Starting this week, we’re going to learn a little bit about the muscles in each part of the body — what they do, when they feel stressed, and when you want to call in the massage professionals!
We’ll start with the feet and low legs. Think about how much time you spend on your feet. Your feet carry your load, day in and day out. Every time you flex or extend your foot, the muscles in your foot and low leg are working. When you’re driving, your muscles work to move your foot between the gas and brake pedal. When you’re walking, running or standing, those muscles stabilize you and provide part of the impetus you need to be able to move. We underestimate how tired our feet can feel, but we really shouldn’t. They work hard all day long.
Also, our feet, obviously, are connected to our low legs. The major movers in our feet actually start in our calves. This is why calf massage can be so beneficial for tired or strained-feeling feet.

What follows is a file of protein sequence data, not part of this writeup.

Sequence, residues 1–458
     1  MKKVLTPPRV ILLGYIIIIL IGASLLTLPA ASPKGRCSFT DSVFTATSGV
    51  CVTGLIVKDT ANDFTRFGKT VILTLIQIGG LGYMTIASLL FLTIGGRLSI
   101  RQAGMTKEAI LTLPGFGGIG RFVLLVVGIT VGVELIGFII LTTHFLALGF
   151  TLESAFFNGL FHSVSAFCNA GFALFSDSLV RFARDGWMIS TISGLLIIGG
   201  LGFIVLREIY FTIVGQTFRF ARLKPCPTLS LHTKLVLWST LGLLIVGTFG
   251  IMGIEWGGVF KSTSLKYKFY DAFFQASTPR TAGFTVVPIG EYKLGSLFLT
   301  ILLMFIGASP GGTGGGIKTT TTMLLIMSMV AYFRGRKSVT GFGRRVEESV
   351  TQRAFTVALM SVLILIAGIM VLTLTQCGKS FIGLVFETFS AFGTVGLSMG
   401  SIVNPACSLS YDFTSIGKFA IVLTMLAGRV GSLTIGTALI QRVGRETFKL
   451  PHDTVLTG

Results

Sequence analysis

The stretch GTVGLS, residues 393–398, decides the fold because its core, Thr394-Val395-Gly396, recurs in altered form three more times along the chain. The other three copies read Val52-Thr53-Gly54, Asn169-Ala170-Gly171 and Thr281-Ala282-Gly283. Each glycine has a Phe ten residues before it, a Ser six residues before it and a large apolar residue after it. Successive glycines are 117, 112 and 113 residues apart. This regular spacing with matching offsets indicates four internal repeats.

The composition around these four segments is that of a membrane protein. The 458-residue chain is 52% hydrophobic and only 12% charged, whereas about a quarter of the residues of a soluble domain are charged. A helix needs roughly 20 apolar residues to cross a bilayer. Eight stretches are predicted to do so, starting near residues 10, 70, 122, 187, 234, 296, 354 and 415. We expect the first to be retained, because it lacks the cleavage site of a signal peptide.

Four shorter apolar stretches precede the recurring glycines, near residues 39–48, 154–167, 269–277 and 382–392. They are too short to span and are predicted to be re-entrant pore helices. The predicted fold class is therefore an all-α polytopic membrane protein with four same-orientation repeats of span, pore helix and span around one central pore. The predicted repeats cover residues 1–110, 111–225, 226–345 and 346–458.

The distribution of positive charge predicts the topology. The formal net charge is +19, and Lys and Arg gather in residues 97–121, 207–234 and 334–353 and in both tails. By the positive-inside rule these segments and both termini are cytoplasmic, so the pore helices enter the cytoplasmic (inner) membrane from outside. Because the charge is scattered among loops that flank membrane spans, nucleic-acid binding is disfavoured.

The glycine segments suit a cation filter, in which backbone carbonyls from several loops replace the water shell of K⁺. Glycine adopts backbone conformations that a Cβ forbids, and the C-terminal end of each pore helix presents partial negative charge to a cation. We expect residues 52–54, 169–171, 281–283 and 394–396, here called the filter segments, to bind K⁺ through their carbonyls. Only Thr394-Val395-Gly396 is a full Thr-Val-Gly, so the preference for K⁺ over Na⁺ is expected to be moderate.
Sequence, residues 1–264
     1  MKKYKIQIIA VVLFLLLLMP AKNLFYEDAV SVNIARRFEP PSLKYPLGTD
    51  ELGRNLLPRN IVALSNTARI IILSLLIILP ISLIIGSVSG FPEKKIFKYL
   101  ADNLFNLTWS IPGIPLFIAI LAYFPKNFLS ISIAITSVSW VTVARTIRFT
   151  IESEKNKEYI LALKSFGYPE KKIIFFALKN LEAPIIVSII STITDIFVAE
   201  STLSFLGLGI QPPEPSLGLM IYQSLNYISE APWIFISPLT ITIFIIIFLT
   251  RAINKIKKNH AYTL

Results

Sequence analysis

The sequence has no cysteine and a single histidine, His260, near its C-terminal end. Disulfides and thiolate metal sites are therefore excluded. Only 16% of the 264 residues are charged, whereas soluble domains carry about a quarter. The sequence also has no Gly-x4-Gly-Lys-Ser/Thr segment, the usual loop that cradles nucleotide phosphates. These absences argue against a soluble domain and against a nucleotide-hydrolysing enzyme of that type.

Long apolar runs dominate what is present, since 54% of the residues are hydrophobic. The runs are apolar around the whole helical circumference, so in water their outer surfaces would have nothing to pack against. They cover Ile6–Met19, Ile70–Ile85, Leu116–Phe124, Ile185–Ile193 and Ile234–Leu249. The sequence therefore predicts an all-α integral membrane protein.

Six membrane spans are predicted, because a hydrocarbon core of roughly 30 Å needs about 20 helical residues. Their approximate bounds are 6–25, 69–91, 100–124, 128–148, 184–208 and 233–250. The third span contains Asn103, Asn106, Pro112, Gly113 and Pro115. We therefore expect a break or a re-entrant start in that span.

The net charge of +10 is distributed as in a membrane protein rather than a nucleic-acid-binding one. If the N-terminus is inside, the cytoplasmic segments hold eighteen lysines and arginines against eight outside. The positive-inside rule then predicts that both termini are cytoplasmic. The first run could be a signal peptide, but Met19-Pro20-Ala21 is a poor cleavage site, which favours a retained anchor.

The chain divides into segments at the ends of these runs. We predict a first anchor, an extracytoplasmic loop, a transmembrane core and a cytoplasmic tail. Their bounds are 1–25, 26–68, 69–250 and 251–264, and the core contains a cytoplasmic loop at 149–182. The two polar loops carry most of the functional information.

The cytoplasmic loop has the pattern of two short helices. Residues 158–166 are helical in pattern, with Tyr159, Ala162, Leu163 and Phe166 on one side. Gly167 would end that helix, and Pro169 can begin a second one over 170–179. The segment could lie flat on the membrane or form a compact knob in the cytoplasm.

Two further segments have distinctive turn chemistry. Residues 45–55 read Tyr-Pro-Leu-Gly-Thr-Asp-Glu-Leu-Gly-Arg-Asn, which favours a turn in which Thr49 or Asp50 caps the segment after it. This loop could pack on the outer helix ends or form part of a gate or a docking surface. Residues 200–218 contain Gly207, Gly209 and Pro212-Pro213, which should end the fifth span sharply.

Let’s start with some of the muscles that move your toes. The flexors, on the bottom of your foot, curl your toes downward; and the extensors, on the top of your foot, point your toes upward. Your big toe gets its own muscles, which is why it feels stronger. You probably know what it feels like when these muscles get stressed, because this is when your feet feel tired. Massage helps relax these muscles, which can simultaneously relax and invigorate you.
The biggest muscle in the front of your calf is called tibialis anterior, and it runs just on the outside of your tibia (your “shin bone”). It raises your foot, which, if you drive a lot, is something you do all the time with your right foot. It’s also something you do every time you take a step. Tiny tears in this muscle are what we know as “shin splints.” The good news is, once those tears aren’t hurting acutely, you can seek massage to relax this muscle and promote healing.
The main movers on the back of your leg are gastrocnemius (the bulging muscle closest to the surface of your calf) and, just deep to it, soleus. These hard-working muscles point your toes toward the floor, another action you perform all the time. Because both these muscles end at your Achilles tendon, which attaches at your main heel bone (the calcaneus), massaging and relaxing them can help alleviate the symptoms of plantar fasciitis. (See https://www.flowholisticwellness.com/single-post/2018/08/20/Plantar-fasciitis-Treat-your-feet for more on plantar fasciitis.)
Next week, we’ll talk about your thighs and gluteal muscles!
Be well, healthy and whole,